The editorial categories are research topics that have guided researchers during the recovery phase and continue to be the impetus behind the Documents Project’s digital archive and the Critical Documents book series. Developed by the project’s Editorial Board, each of the teams analyzed this framework and adapted it to their local contexts in developing their research objectives and work plans during the Recovery Phase. Learn more on the Editorial Framework page.
This essay is a continuation of the exiled artist, José Renau’s, reflections on the preeminence of realism over abstraction. He believes that in the years following World War I, the art trends were characterized by an unbridled exaltation of individualism. He emphasizes that after a century of “self-sufficiency and disdain for spiritual concerns, the capitalist bourgeoisie once again begins to take an interest in ideological, cultural and intellectual problems.” Nevertheless, for Renau, this does not mean that the works of poets and painters are characterized by greater social and political commitment since artists “continue to exalt the absolute independence of the creative spirit.”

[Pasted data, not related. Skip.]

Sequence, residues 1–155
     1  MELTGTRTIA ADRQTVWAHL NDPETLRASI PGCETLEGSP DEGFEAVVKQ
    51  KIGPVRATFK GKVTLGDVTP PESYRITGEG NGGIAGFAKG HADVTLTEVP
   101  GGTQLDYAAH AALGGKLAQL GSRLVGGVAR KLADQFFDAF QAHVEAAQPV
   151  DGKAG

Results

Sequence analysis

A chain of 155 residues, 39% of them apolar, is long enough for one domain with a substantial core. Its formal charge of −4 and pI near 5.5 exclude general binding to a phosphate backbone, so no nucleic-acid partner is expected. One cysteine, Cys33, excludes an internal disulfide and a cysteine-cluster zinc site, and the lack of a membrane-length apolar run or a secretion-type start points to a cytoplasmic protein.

José Renau (1907-82) was supposed to write three more essays on the subject of “abstraction and realism,” but the run of the magazine Nuestro Tiempo ended with this double edition. (It circulated once again in a second, more modest, incarnation a year later.) Thus we do not have Renau’s conclusions regarding the undoubtedly superior value he placed on realism over abstraction, which in this essay he judged to be one of the horsemen of the apocalypse: one in which the “bourgeois” spirit hysterically expresses the unrest of its desperate course toward the void. The ideals of Renau can be characterized as more radically political that those of the rest of the group of exiled artists. His style, clearly realist, found expression primarily in posters and murals. He denounced the atrocities of war through his famous photomontages and was interested in conveying an ideological message.
His first essay on this topic was published in the same magazine, Year 1, No. 1, July 1949. (See doc. 756512).